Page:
Hampshire Cricket History


A REAL Tragedy
May 30, 2016, 8:27 pm
Filed under: Uncategorized

Northwood might be bloody awful but it really is only a game. Many of you will have noticed that we have reached the centenary of the naval Battle of Jutland which took place on 31 May & 1 June 1916

In that battle HMS Defence was blown out of the water and among the casualties that day was the Naval Officer, Cecil Halliday Abercrombie – as it happens, the most significant cricketer to die in that horrific encounter.

Cecil_Abercrombie

1913 v Gloucs Bmth copy

Abercromble was a regular naval officer seen above in uniform and (5th from left) as a member of the Hampshire side that played Gloucestershire at Bournemouth at the end of the 1913 season – it would be his final match for the county and he scored 65 in a victory. During his naval career he was stationed at Portsmouth and played also for the Royal Navy, United Services Portsmouth and for Lymington. He was also a Scottish rugby international, winning six caps.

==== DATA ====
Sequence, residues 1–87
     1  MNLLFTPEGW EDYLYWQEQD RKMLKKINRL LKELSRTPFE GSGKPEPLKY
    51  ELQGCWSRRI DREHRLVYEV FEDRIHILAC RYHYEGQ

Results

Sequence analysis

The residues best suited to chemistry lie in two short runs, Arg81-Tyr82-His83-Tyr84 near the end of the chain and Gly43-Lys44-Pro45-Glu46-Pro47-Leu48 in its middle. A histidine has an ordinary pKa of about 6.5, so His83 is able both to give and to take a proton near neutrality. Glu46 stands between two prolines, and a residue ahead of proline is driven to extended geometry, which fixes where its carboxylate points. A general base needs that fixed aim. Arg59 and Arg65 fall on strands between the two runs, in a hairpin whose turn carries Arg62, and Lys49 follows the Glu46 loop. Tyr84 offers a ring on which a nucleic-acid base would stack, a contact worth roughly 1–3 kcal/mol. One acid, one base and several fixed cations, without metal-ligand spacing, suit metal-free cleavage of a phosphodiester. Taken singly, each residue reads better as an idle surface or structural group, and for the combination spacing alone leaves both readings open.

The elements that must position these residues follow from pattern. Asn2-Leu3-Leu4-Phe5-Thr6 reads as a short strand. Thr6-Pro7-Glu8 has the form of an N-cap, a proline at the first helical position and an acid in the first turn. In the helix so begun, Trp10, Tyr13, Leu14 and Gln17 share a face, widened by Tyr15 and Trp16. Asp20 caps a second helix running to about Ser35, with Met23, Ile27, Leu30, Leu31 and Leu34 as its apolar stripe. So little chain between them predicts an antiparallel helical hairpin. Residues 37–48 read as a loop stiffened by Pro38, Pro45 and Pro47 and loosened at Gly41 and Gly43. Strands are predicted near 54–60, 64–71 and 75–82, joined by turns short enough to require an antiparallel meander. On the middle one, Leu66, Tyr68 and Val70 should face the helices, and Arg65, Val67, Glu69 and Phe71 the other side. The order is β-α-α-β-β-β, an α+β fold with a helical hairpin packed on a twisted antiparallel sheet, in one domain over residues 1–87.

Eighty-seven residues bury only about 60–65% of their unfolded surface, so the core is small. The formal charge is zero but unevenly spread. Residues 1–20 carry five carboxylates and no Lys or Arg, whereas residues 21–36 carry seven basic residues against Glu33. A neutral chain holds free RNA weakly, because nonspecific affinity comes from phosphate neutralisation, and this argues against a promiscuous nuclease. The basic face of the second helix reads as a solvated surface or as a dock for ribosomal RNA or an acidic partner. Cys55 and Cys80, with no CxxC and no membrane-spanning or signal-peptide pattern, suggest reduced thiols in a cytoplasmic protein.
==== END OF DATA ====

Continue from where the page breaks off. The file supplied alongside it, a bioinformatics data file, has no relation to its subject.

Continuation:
If you have a Playfair Annual – any year – you can find him there still as the holder, with George Brown, of Hampshire’s record 7th wicket partnership, 325 v Essex at Leyton. They saved Hampshire from an innings defeat and during the course of that stand Abercrombie scored one of his three centuries for the county – there was also one against Worcestershire and on debut one against Oxford University. It would be particularly appropriate if over the next two days, two Hampshire players mounted perhaps 324 to save the current game. But if they don’t, at least the players in our current side can look forward to another season of cricket and hopefully a long and happy life. With the situation in Europe worsening, Abercrombie was called back to regular service in 1914 and never played for Hampshire again.

Abercrombie’s name is on our Honours Board in the Atrium and on a plaque outside the Memorial Gates of Scotland’s Murrayfield Stadium. Author and historian Peter Jones has written about him in the current Hampshire Handbook.

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2 Comments so far
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Thank you for this. I knew the name, but not much of his story.

Comment by Dave Pople




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